The career technical training involves skills that you may not realize you possess…
Why it is required?
Some people are highly intelligent and our lives are mapped out in front of us from very early on in life. These tend to be careers set in the world of academia and cerebral vocations. However there is a section of people in school who are not so academically gifted, so how do you find out what would be a suitable career for these people?
The answer is simple – career or vocational technical training offers one route into a new life ahead.
Ability comes in many forms, not always so obvious. One of the problems with having to make a decision about a career is not knowing if you have any natural skills that will be helpful. Career technical training is the equivalent to getting a university degree, but by being practical and creative, rather than predominantly academic in your efforts. Vocational technical training can and will cover everything from construction through to robotics, and just about everything in between. The joy and benefit of such training is it gives you a chance to discover and improve on undiscovered skills.
In addition, vocational technical training will put you in prime position when it comes to looking for full-time employment. When you look at the cost of training, with no guarantee of success, for an employer this can be a cost a business cannot carry. However, career technical training at a technical college allows you to discover what you are naturally good at. This can be through trial and error, or through extensive testing. However in a college, everything is set up to discover hidden talents.
More to the point, if you find early on that you are just not cut out for a certain trade or technical element, then the opportunity exists for you to change direction. The idea is not to give you a more general education as you received at school, but instead a specific education designed to equip you for life in the real world and as a valuable employee. With relevant and appropriate certificates you can become an employee for a company and instantly add value to that business. From a personal point of view, while you will have to adapt to any new company, you will have the skills to shine and to allow you to remain confident.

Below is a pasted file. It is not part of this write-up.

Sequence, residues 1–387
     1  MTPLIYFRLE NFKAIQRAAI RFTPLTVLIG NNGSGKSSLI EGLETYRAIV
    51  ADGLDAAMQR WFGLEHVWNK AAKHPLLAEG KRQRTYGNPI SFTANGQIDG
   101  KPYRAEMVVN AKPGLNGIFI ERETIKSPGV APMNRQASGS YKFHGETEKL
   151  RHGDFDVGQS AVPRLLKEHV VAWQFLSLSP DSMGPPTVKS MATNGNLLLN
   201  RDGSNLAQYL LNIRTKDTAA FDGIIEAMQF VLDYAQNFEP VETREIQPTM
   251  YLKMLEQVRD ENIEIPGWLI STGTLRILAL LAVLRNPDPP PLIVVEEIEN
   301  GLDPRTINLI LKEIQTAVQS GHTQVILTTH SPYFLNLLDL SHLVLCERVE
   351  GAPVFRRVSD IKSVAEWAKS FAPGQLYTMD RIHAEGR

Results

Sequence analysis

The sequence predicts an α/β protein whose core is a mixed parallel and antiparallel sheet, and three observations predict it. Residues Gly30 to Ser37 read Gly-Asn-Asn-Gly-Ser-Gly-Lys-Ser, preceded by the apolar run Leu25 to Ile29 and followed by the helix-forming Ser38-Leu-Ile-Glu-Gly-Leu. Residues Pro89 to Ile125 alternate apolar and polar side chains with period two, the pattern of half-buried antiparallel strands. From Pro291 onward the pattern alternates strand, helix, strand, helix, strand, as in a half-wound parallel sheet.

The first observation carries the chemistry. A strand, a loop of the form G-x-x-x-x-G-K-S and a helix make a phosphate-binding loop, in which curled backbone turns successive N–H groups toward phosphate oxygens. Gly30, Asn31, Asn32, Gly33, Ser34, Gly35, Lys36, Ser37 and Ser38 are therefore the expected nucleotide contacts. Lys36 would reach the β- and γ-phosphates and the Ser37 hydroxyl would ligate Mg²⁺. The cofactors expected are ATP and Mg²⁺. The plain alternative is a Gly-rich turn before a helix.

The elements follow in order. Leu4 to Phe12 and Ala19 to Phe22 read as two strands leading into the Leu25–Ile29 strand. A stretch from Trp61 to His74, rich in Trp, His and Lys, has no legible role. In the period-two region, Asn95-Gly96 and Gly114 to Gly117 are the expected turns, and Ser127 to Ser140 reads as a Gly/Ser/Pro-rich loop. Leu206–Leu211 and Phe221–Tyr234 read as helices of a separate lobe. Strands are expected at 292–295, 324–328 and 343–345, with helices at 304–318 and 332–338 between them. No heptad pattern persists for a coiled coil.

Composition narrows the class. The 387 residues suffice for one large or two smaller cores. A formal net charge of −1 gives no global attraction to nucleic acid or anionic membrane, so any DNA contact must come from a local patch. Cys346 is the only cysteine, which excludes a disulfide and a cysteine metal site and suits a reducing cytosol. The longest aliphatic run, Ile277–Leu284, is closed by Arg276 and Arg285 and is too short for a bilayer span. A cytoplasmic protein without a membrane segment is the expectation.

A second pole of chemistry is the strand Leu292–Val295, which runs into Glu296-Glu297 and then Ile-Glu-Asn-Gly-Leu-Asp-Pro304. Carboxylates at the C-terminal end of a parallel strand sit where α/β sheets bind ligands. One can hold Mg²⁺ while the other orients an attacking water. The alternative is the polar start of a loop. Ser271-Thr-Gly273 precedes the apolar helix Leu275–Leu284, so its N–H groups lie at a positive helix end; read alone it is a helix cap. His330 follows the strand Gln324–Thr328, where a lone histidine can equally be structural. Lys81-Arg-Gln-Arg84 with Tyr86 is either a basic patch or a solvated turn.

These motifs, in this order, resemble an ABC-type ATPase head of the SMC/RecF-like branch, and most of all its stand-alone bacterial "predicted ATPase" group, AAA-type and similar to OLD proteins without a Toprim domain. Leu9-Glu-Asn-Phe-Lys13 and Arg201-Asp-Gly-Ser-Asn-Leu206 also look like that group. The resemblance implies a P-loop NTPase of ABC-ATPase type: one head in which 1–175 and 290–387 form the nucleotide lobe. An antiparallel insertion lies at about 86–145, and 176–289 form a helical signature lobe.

As mentioned above, the career technical training was, and still is often called vocational training. A vocation is an alternative word for a career, but with the emphasis on the career being more a job that you love doing and want to do for the rest of your life. A vocation is not simply a means to earn money.
A vocation is the type of job where the money comes second to what you enjoy doing. Often you will hear of people, such as nurses, having a vocation, as opposed to a job. Well many of those who follow a vocation haven’t been to university, but instead attended technical college. There, career technical training would take place in the form of an introduction to certain aspects of an intended career.
The intention with such a scheme was two-fold. Education was important to provide students with a value when seeking employment. However career educational training allowed students to establish what their principal skills were. After all, career technical training allows you to identify and develop what you are best at.
To help you identify the benefits of career technical training, the easiest way to advise you of the benefits is to ask you a question. What are you good at? By that, I don’t mean chemistry, history or languages, no. What I am asking is what skills you do have. Can you cook? Do you think you are quite good at cooking? Then maybe studying catering at technical college would be an option.